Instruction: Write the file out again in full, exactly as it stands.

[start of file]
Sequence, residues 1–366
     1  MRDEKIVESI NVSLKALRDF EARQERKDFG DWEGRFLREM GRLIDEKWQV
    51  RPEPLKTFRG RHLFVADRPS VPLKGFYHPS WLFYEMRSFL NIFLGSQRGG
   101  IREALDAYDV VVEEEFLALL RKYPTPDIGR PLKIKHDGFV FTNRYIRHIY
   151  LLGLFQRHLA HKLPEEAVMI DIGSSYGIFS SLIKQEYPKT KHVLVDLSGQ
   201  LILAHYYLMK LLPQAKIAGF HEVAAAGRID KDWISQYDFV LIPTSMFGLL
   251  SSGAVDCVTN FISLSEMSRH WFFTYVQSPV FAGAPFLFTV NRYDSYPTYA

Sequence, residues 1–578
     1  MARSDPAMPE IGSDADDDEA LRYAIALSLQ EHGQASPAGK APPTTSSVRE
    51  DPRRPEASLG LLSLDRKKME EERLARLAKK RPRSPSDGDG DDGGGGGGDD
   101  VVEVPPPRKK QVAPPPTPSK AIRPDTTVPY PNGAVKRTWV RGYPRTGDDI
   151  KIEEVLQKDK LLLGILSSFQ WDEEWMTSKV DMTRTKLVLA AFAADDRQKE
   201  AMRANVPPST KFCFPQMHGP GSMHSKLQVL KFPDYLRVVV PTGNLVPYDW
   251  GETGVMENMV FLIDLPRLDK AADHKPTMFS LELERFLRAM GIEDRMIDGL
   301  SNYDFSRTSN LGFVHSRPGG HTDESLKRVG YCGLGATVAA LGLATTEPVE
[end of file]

Sequence, residues 1–366
     1  MRDEKIVESI NVSLKALRDF EARQERKDFG DWEGRFLREM GRLIDEKWQV
    51  RPEPLKTFRG RHLFVADRPS VPLKGFYHPS WLFYEMRSFL NIFLGSQRGG
   101  IREALDAYDV VVEEEFLALL RKYPTPDIGR PLKIKHDGFV FTNRYIRHIY
   151  LLGLFQRHLA HKLPEEAVMI DIGSSYGIFS SLIKQEYPKT KHVLVDLSGQ
   201  LILAHYYLMK LLPQAKIAGF HEVAAAGRID KDWISQYDFV LIPTSMFGLL
   251  SSGAVDCVTN FISLSEMSRH WFFTYVQSPV FAGAPFLFTV NRYDSYPTYA

Sequence, residues 1–578
     1  MARSDPAMPE IGSDADDDEA LRYAIALSLQ EHGQASPAGK APPTTSSVRE
    51  DPRRPEASLG LLSLDRKKME EERLARLAKK RPRSPSDGDG DDGGGGGGDD
   101  VVEVPPPRKK QVAPPPTPSK AIRPDTTVPY PNGAVKRTWV RGYPRTGDDI
   151  KIEEVLQKDK LLLGILSSFQ WDEEWMTSKV DMTRTKLVLA AFAADDRQKE
   201  AMRANVPPST KFCFPQMHGP GSMHSKLQVL KFPDYLRVVV PTGNLVPYDW
   251  GETGVMENMV FLIDLPRLDK AADHKPTMFS LELERFLRAM GIEDRMIDGL
   301  SNYDFSRTSN LGFVHSRPGG HTDESLKRVG YCGLGATVAA LGLATTEPVE